Tuesday, September 8, 2009

GameFAQs Review - Power Rangers Super Legends (Nintendo DS)

In 2007, Power Rangers celebrated its fifteenth anniversary with a 2-part episode that united some familiar faces of the franchise's past. Despite its intentions, the episode had left a sour taste in most people's mouths that is rather hard to do away with. So in a vain attempt to salvage the anniversary, Disney has their gaming studios develop a couple games commemorating the franchise's fifteen-year history; one for the Nintendo DS and another for the Playstation-2 and PC platforms. Both share a similar scenario (Rangers from different points in history team up to fight the bad guys), but the actual set-up and gameplay is different. For now, we'll start with the DS version.

STORY: The general premise is familiar enough: monsters are attacking and it's up to the Power Rangers to stop them using their morphing powers and zords. In Super Legends, a monster named Glutto plots to travel back in time to eliminate older Ranger teams, forcing the Omega Ranger to attempt to unite past Rangers against Glutto. It's a nice variation of the old stock story and a good attempt to bridge the various Ranger teams together... but nothing special. 9/10

GRAPHICS: The graphics in Super Legends are fairly standard - nothing particularly special, but good enough in that you'll just about recognize who's who and what's what. Each Ranger has their own little helmet, costume, boots, and whatnot as opposed to a generic color swap which would have been the norm back in the day, and each enemy is also well designed. The intermission scenes, depicted in a comic-book format, are actually well-drawn and not quite as offensive as I had expected them to be. While the side-scrolling art is solid, the shooter and Zord portions of the levels are fairly bland. The shooter levels has some of the most generic-looking ship models I've seen (goes well with the levels themselves - more on that later) and the Zord fights have some bland modelwork incorporated. However, it's not too bad... just could have used a little more effort in the art department. 6/10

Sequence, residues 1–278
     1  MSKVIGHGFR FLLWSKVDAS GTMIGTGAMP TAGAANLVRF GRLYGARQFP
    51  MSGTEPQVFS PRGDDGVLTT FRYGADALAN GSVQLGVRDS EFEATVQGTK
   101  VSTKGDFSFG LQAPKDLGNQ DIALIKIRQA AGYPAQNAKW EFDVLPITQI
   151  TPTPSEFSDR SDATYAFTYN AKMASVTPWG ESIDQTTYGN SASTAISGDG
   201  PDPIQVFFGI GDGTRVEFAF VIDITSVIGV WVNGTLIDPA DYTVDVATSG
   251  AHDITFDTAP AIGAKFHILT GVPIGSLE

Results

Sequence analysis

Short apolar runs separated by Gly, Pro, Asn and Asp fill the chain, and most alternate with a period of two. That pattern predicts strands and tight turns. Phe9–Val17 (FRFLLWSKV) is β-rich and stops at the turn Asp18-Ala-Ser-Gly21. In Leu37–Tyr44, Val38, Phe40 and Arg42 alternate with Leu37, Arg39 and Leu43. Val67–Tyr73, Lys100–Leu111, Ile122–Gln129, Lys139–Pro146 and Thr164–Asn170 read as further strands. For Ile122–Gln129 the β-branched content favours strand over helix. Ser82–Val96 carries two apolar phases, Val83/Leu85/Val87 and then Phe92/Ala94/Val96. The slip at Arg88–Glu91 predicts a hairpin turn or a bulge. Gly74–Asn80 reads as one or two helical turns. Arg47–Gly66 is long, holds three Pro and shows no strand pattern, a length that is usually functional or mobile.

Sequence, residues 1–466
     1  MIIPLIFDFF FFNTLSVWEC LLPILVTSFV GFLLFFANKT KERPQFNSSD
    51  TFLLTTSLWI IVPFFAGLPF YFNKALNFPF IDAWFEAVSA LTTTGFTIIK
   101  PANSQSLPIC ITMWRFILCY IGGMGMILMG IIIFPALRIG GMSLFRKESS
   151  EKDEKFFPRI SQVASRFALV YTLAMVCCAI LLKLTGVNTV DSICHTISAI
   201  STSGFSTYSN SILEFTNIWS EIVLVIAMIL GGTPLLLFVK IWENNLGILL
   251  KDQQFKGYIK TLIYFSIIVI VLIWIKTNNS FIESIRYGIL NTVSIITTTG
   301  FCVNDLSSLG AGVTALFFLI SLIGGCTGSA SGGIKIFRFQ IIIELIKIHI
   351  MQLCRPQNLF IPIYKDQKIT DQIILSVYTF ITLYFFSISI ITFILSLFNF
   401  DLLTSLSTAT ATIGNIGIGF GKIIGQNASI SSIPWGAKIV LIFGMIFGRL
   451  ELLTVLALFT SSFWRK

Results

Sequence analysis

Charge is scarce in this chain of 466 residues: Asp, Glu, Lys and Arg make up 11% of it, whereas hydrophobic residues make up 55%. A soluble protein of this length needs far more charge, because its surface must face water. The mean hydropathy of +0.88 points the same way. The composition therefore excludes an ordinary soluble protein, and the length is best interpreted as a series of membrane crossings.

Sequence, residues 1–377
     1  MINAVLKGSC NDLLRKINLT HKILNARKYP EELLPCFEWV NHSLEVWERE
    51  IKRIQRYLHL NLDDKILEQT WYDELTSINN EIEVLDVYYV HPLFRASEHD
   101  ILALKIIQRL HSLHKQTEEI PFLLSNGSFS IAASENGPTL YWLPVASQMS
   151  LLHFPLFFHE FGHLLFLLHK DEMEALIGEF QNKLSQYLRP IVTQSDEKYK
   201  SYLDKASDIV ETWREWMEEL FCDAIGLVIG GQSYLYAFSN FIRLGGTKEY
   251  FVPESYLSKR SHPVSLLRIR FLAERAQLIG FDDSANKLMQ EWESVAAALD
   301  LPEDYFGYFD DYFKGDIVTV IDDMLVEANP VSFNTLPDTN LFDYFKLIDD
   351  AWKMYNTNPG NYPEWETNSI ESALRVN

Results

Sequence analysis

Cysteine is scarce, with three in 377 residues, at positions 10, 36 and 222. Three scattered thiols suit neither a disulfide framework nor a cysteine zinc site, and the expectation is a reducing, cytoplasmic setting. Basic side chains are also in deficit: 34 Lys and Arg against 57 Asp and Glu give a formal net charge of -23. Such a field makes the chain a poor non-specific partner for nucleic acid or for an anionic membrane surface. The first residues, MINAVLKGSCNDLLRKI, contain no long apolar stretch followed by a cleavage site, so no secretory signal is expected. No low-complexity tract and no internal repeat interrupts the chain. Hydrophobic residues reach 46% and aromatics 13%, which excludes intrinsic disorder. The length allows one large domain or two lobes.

SOUND: Oh goodie. Another Power Rangers handheld video game with insipidly generic music and sound effects; as if the last couple game soundtracks weren't generically dull enough, Super Legends takes the cake with a sleep-inducing soundtrack that drones on in the background as an afterthought. Nothing truly memorable or even remotely catchy, it sounds like one of those stock soundtracks that they quickly put together and put it aside for future use until they find a use for it in some random product. There are no familiar theme songs involved in either vocal or instrumental format, which is just lousy. Even the lowly Time Force game on GBA (which you should never, EVER play, because it can ruin your life) had a nice little rendition of that show's theme song - complete with vocals. Surely, some effort could have been done here, but I guess that's too much work. Fortunately, you have the option to tone down the audible mess, but then all that's left are a bunch of standard punck/kick sound effects pulled from a cheesy martial arts flick. On the bright side, they got the Putties sounding right, but that's about it, really. 7/10

GAMEPLAY: Super Legends is your typical beat-em-up that has you control a number of Rangers from different seasons (some need to be unlocked) and then has you navigate through fairly generic levels fighting through putties, krybots, and other enemies - all the while collecting crystals that will earn you moves as Ranger poses and Corkscrew kicks. You have three basic attacks: a standard punch/kick attack, a sword attack (that is used by every Ranger in the game - including some like the original MMPR Pink Ranger who NEVER used a sword in the series - lazy), and a gun attack which can be used to stun enemies momentarily. Now granted, this is all superfluous as you'll mostly use your sword because of your punches' ineffectiveness against certain enemies.